The “Underground Shrine” that Protects Tokyo from Flooding
Marvel at the size and scope of this cutting-edge disaster prevention facility, a must-see for urban exploration fans
The annual precipitation in Japan is about twice the global average, making it extremely important to reduce damage from inundation, especially in the Tokyo Metropolitan Area where the population is concentrated. Constructed underneath Route 16, a beltway in the Tokyo Metropolitan Area, the Metropolitan Outer Area Underground Discharge Channel is one of the largest underground discharge channels in the world. When the water level rises above the overflow banks of small and medium-sized rivers, the water flows into a big shaft (about 30 meters in diameter and 70 meters deep—large enough to hold the Statue of Liberty) and then through an underground tunnel (10 meters in diameter and 6.3 kilometers long) to reach the huge pressure-adjusting tank known as the “Underground Shrine.” From here, the water is drained into the Edogawa River using four of the largest pumps in Japan. These pumps are modified aircraft components driven by gas pistons that deliver 14,000 horsepower of output, and each one can pump 50 cubic meters of water per second.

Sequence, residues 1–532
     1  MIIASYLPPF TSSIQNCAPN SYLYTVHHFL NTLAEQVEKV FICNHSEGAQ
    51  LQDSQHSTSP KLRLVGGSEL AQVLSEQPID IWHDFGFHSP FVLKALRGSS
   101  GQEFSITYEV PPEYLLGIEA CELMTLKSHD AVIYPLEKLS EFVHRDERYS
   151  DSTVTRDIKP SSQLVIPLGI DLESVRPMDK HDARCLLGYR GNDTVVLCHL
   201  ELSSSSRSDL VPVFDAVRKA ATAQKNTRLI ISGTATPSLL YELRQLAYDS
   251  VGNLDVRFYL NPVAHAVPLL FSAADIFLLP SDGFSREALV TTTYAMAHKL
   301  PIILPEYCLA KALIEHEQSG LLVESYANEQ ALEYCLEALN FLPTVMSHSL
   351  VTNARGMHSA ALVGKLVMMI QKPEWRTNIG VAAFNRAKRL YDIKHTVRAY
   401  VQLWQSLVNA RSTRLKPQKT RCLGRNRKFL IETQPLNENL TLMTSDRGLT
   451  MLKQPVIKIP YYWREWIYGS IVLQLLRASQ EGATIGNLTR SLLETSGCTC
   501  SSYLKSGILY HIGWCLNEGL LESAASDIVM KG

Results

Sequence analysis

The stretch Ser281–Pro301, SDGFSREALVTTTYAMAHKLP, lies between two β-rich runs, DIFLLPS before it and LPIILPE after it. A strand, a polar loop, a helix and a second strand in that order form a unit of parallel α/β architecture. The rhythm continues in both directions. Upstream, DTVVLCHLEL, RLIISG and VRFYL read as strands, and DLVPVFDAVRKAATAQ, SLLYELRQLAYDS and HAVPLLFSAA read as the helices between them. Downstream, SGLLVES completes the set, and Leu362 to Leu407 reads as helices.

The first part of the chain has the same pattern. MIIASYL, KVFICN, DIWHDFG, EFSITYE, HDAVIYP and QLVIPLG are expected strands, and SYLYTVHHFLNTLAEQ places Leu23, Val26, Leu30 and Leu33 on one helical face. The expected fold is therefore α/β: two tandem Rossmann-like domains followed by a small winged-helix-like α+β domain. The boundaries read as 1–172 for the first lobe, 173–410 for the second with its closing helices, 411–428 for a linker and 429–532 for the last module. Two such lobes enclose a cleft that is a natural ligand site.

As you descend to the Underground Shrine, you will be astonished at the scale of its 59 oval stone pillars that stand 18 meters high, each weighing 500 tons. It looks like the ruins of a lost civilization. Your guide will shed light on how this giant facility protects the residents of the Tokyo Metropolitan Area from flooding. This lesser-known side of Japan must be seen to be believed.
The Metropolitan Outer Area Underground Discharge Channel
720 Kamikanasaki, Kasukabe-shi, Saitama-ken
approx. 55 min. or more